Anyone who's ever seen Jaws has probably had a few days where they were afraid of the ocean - and these shark attack facts might just bring that fear surging back. In reality, every year, one or two people die from sharks. Sharks seemingly decide at random when to kill a human, and they're kind of flawless at doing just that. Of course, maybe you're the morbid sort of person who wonders what it's like to be attacked by a shark. The moment of terror, the pain, the panic... well, lucky you, because we're going to tell you all about what being killed by a shark is like.
So, when it comes to shark attack death facts, things can seem kind of scary. How do you escape? What are the odds of it happening to you? Rest assured: shark attacks are very rare, and it's even less likely that you'll die from one. That still doesn't make the prospect of an animal gnawing on your flesh any less terrifying.
As a final warning, some of the subjects discussed here are pretty graphic, so this isn't for those with weak stomachs. But hey, if you've seen any shark attack movie ever, you can probably handle it. Just don't plan on going to the beach anytime soon.
You Won't See It Coming, But Others Probably Will
According to several people who have been bitten by sharks, they never knew there was a shark near them until they were being attacked. One attack victim from 2015, Hunter Treschl, said it happened like this:
I didn't see it coming. I was just in about waist-deep water, playing with my cousin... and felt this kind of hit on my left leg... like it was a big fish coming near you or something. Then it just kind of hit my arm. That was the first I saw it, when it was biting up my left arm.
He lost his arm in the attack. However, sharks that can kill tend to be pretty large. This means that those far away from you might see a shape in the water way before you do.
You'll Feel Like You've Been Hit By A Truck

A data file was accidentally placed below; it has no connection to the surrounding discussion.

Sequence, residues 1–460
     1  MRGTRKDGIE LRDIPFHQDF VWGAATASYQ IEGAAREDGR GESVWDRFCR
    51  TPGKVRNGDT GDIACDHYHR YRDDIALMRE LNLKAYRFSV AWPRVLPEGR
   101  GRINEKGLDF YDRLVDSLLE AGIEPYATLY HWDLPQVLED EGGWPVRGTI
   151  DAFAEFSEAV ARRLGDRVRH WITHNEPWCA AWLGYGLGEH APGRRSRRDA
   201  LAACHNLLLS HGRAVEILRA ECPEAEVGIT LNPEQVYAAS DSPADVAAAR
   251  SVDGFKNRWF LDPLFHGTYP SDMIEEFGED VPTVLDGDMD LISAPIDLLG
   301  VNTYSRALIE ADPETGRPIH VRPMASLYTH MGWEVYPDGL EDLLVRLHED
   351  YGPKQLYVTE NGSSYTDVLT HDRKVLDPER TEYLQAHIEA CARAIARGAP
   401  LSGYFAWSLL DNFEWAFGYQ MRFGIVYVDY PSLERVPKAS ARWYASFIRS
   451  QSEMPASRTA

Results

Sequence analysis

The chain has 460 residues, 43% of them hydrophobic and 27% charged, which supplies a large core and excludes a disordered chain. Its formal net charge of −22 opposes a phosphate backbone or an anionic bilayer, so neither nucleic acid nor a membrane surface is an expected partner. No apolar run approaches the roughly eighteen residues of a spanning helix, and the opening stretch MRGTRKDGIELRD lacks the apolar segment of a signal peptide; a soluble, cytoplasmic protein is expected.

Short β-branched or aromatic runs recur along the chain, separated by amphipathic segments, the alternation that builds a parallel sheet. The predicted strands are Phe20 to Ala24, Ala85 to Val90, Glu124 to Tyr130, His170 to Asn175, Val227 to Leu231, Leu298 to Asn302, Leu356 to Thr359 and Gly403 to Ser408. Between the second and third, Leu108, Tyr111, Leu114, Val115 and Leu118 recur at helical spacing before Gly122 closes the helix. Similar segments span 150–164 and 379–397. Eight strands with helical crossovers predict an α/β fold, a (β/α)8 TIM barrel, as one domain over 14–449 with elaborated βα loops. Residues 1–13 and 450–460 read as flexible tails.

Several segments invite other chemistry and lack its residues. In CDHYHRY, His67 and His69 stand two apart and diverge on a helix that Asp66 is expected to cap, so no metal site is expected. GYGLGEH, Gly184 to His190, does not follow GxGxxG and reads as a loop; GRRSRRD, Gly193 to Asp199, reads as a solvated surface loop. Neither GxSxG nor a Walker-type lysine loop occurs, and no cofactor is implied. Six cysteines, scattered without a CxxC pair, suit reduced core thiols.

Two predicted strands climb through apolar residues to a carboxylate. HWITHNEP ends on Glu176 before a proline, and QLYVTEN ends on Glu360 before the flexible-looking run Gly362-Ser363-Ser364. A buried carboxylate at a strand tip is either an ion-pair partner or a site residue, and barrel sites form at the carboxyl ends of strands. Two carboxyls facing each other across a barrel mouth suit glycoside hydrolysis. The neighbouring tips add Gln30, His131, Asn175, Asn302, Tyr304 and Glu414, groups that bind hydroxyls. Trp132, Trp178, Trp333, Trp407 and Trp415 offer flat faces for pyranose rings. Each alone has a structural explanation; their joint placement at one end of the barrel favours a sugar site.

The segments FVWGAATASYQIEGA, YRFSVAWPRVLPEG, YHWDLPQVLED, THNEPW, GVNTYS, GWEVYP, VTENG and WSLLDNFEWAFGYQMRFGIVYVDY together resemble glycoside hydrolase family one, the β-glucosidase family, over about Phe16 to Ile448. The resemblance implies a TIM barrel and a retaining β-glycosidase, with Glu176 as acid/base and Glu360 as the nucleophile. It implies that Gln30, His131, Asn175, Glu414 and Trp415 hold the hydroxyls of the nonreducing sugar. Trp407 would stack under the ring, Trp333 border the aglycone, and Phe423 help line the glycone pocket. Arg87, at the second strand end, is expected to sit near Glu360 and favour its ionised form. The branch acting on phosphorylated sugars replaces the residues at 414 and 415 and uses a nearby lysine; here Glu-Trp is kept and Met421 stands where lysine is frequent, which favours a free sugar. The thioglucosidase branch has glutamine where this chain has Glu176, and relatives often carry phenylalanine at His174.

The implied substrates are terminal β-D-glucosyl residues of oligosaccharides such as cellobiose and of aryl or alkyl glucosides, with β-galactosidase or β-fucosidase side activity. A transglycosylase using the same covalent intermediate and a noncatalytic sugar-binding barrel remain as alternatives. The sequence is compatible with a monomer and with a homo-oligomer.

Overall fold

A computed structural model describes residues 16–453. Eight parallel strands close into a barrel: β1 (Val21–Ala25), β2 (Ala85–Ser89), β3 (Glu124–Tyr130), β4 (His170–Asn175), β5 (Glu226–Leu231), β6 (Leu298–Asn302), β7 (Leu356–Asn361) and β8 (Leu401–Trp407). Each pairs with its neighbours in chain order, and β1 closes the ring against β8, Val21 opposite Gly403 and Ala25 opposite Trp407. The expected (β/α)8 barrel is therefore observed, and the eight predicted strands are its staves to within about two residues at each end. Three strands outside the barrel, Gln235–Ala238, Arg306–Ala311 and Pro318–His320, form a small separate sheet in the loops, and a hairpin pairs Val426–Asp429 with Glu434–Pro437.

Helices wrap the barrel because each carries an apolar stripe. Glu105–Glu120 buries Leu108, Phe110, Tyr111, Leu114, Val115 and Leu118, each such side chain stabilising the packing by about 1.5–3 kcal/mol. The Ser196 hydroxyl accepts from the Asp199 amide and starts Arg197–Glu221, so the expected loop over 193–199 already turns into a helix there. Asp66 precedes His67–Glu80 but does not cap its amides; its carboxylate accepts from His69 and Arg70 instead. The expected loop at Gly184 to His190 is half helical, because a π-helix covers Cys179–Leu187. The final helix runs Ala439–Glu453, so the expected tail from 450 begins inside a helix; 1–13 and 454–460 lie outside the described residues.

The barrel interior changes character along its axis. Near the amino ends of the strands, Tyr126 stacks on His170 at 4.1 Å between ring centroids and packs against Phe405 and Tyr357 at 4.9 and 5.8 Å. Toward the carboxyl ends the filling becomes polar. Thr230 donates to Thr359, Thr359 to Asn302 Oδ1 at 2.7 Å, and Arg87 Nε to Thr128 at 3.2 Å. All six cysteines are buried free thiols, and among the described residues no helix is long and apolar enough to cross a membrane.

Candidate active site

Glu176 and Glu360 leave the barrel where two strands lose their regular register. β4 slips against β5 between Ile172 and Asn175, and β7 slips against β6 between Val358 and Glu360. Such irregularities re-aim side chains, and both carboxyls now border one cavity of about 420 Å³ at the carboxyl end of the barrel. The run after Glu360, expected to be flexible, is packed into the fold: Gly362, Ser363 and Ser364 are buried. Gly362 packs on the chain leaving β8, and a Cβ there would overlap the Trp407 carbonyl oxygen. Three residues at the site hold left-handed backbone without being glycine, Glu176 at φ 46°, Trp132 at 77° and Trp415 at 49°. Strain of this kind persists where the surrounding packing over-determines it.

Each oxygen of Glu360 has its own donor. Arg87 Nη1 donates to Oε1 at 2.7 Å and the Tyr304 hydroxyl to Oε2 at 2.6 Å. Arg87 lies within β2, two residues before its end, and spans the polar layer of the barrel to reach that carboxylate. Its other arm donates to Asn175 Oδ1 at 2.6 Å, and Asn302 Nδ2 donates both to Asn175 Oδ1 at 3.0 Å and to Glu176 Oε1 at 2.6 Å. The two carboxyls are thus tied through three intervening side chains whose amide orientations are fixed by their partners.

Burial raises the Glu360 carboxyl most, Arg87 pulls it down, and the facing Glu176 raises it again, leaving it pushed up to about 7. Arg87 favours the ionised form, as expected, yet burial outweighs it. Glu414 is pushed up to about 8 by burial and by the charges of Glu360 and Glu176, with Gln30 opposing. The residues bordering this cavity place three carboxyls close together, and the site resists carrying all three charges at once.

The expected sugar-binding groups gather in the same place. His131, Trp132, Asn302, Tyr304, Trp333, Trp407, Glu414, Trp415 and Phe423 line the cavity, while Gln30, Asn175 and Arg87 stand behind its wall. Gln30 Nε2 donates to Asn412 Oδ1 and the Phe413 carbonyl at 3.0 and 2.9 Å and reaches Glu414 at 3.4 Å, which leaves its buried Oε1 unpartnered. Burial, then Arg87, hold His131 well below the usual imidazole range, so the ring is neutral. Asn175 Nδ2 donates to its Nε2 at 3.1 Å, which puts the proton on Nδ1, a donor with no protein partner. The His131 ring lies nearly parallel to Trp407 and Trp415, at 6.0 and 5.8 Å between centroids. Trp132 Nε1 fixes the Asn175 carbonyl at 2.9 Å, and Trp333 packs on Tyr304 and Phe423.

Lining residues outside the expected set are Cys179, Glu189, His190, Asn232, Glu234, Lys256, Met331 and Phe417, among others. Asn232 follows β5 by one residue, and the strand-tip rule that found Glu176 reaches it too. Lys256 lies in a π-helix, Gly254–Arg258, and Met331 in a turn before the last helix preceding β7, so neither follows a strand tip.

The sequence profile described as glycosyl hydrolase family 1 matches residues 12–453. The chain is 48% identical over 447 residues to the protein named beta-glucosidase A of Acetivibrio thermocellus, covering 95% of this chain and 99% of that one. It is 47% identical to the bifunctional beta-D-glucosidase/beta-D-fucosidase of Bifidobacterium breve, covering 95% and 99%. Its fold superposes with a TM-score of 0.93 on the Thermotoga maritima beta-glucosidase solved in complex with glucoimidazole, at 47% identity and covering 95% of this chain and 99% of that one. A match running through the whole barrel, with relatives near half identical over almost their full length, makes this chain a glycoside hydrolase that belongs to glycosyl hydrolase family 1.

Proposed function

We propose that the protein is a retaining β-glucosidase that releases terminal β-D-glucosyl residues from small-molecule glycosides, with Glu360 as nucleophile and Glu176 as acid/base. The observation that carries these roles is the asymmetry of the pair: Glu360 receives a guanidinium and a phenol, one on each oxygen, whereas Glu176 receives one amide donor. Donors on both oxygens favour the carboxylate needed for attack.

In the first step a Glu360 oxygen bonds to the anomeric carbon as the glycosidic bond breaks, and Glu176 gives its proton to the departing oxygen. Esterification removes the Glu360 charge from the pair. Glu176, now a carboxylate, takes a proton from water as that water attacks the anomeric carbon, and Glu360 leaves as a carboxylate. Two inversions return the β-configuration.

A shark that's big enough to probably kill you is going to be moving pretty fast when it bites you. In fact, one thing it will do is throw its body weight at you, both to stun and confuse you and also to sink its teeth in better. One swimmer in South Maui who was bitten by a shark in 2016 talked about the experience to the people trying to help him:
"He said, 'It felt like a boat hit me. He was really a trooper. He wasn't screaming," reported TJ McGuire, one of the first responders after the attack.
In other words, prepare to be in pain, confused, and unsure of what just hit you.
You're Going Underwater, Even If You Punch Them in the Nose
If a shark bites down and holds on, it's likely that the next they're going to do is drag you beneath the surface of the water. Remember, you're fighting a shark here, so if they decide you're going underwater with them, then there's not much you can do about it. Some say that when this happens, you should just punch the shark in the nose, but that's wildly inaccurate. Seriously, punching something underwater? Not easy. However, if you have the opportunity to try to poke it in the eye, that sometimes will make them let go of you, so that's the expert-recommended course of action.
You May Hear Your Bones Breaking
Sharks have really strong jaws. Scientists have estimated that a great white can exert 4,000 pounds per square inch (psi) with a single bite, though it's never been properly tested. Because of that, when a shark bites you, it's going to do two things: try to gnaw a piece off of you, and bite down as hard as it possibly can. One surfer, Kenny Doudt, who was attacked by a shark and barely survived, knows exactly how that feels first-hand:
I was not yet fully aware of what was happening. I felt tremendous pressure on my chest and heard ribs snapping and the crunching of the underside on my board as it (the shark) turned out to sea. I felt totally helpless.
So, imagine feeling your body being crushed and cut at the same time, and imagine feeling too confused and helpless to do anything about it. That's what it's like to be bitten by a shark.